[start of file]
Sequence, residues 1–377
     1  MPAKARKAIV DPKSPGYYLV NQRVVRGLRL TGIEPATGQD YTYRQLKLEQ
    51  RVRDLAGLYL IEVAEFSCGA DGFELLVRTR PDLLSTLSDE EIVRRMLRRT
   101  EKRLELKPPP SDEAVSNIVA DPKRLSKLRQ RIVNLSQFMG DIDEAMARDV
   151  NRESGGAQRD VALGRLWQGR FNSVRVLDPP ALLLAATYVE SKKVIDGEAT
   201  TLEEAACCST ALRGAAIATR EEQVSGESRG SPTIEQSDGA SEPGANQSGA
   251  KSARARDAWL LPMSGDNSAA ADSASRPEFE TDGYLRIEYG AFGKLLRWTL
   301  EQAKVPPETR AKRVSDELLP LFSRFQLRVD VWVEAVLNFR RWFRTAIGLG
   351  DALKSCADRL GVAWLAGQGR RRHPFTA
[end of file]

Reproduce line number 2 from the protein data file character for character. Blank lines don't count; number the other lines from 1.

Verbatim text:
     1  MPAKARKAIV DPKSPGYYLV NQRVVRGLRL TGIEPATGQD YTYRQLKLEQ